Kroger: Request for Report on Recyclable Packaging

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WHEREAS: A portion of Kroger house brand product packaging is unrecyclable, including plastics, which are a growing component of marine litter. Authorities say that marine litter kills and injures marine life, spreads toxics, and poses a potential threat to human health.  

Plastic is the fastest growing form of packaging; U.S. flexible plastic sales are estimated at $26 billion. Dried fruit, frozen meat, cheese, and dog food are some of the Kroger house brand items packaged in unrecyclable plastic pouches. Private label items account for a quarter of all sales – nearly $20 billion annually. Using unrecyclable packaging when recyclable alternatives are available wastes valuable resources. William McDonough, a leading green design advisor, calls pouch packaging a “monstrous hybrid” designed to end up either in a landfill or incinerator.  

Recyclability of household packaging is a growing area of focus as consumers become more environmentally conscious, yet recycling rates stagnate. Only 14% of plastic packaging is recycled, according to the U.S. Environmental Protection Agency (EPA). Billions of pouches and similar plastic laminates, representing significant embedded value, lie buried in landfills. Unrecyclable packaging is more likely to be littered and swept into waterways. A recent assessment of marine debris by a panel of the Global Environment Facility concluded that one cause of debris entering oceans is “design and marketing of products internationally without appropriate regard to their environmental fate or ability to be recycled…” 

In the marine environment, plastics break down into indigestible particles that marine life mistake for food. Studies by the EPA suggest a synergistic effect between plastic debris and persistent, bio-accumulative, toxic chemicals. Plastics absorb toxics such as polychlorinated biphenyls and dioxins from water or sediment and transfer them to the marine food web and potentially to human diets. One study of fish from the North Pacific found one or more plastic chemicals in all fish tested, independent of location and species.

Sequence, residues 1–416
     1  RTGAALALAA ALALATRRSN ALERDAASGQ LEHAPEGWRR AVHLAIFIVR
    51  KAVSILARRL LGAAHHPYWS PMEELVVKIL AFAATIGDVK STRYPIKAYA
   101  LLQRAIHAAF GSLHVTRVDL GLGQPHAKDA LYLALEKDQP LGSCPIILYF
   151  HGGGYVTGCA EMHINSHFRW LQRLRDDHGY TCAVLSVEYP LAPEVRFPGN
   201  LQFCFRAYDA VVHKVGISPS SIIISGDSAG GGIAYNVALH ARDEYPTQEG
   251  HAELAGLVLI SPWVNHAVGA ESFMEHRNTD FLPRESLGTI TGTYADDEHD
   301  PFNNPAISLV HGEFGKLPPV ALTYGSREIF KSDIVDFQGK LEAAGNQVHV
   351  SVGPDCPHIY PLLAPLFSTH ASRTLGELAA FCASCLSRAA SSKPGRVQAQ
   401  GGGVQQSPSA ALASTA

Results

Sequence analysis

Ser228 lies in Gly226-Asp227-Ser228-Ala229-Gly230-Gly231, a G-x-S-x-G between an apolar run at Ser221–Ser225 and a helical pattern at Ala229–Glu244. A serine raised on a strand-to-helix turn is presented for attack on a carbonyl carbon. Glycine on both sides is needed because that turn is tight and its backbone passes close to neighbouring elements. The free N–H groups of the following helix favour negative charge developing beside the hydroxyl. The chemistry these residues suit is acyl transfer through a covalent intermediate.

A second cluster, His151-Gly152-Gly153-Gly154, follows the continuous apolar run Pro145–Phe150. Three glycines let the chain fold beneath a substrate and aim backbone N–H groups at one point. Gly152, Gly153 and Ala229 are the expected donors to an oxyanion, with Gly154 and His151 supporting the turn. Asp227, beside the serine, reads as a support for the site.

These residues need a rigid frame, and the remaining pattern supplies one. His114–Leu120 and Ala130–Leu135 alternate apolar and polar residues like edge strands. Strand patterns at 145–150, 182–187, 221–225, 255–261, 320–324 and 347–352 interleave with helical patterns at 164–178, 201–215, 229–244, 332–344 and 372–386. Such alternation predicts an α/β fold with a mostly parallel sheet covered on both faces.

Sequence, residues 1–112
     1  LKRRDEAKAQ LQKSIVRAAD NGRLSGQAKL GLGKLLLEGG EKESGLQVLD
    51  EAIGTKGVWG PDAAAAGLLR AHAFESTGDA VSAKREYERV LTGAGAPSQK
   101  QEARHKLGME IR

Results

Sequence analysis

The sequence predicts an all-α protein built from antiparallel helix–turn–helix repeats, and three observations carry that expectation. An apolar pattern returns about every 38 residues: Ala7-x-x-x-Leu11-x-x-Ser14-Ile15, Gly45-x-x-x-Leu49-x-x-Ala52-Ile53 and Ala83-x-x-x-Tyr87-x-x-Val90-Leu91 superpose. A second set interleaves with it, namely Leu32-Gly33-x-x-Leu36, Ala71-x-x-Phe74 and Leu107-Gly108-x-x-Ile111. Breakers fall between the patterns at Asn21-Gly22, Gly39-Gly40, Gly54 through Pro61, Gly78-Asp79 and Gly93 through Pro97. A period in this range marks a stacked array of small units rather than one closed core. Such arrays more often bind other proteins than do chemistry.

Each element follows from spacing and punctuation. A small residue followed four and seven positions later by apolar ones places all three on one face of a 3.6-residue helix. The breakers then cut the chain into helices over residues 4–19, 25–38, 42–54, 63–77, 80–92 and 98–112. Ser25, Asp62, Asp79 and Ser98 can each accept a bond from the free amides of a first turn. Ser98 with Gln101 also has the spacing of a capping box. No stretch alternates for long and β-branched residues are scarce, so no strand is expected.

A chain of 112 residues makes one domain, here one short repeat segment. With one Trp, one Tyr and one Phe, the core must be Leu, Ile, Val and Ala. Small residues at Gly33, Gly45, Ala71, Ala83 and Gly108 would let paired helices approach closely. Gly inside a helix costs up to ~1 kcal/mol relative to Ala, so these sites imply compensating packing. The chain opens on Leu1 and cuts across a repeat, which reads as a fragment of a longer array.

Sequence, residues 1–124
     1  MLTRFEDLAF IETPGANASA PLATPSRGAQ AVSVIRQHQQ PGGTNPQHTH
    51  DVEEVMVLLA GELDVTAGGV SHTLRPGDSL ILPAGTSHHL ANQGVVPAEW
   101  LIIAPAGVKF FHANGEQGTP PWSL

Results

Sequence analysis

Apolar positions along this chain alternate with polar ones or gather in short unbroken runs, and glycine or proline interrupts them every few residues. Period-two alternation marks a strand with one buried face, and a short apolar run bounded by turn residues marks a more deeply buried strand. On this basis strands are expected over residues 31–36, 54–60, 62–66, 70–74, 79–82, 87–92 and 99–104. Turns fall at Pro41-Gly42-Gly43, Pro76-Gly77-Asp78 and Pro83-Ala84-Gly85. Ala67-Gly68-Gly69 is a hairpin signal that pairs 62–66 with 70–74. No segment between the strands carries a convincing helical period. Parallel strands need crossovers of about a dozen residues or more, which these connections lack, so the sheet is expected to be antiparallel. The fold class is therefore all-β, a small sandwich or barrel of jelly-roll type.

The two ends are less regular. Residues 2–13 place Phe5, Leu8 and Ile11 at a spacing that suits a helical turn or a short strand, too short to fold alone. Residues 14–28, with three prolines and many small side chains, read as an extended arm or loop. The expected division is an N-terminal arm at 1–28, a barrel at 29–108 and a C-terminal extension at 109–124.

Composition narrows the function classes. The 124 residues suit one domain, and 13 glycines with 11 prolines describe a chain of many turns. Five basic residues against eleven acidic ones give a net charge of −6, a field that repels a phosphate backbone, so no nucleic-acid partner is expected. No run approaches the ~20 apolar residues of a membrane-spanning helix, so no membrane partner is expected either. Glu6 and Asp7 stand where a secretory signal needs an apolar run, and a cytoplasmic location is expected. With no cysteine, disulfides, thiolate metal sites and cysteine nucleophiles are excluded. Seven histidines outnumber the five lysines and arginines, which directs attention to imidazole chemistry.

California spends nearly $500 million annually preventing trash, much of it packaging, from polluting beaches, rivers and oceanfront. Making all packaging recyclable, if possible, is the first step needed to reduce the threat posed by ocean debris.  

Companies who aspire to corporate sustainability yet use these risky materials need to explain why they use unrecyclable packaging. Other companies who manufacture and sell food and household goods are moving towards recyclability. Procter & Gamble and Colgate-Palmolive agreed to make most of their packaging recyclable by 2020. Keurig Green Mountain will make K-cup coffee pods recyclable; and McDonald’s and Dunkin Donuts shifted away from foam plastic cups, which cannot be readily recycled. 

RESOLVED: Shareowners of Kroger request that the board of directors issue a report, at reasonable cost, omitting confidential information, assessing the environmental impacts of continuing to use unrecyclable brand packaging. 

Supporting Statement: Proponents believe that the report should include an assessment of the reputational, financial and operational risks associated with continuing to use unrecyclable brand packaging and, if possible, goals and a timeline to phase out unrecyclable packaging. 

Resolution Details

Company: The Kroger Company

Lead Filer:
As You Sow

Year: 2016

Filing Date: 

Initiative(s): Consumer Packaging

Status: 26.3%

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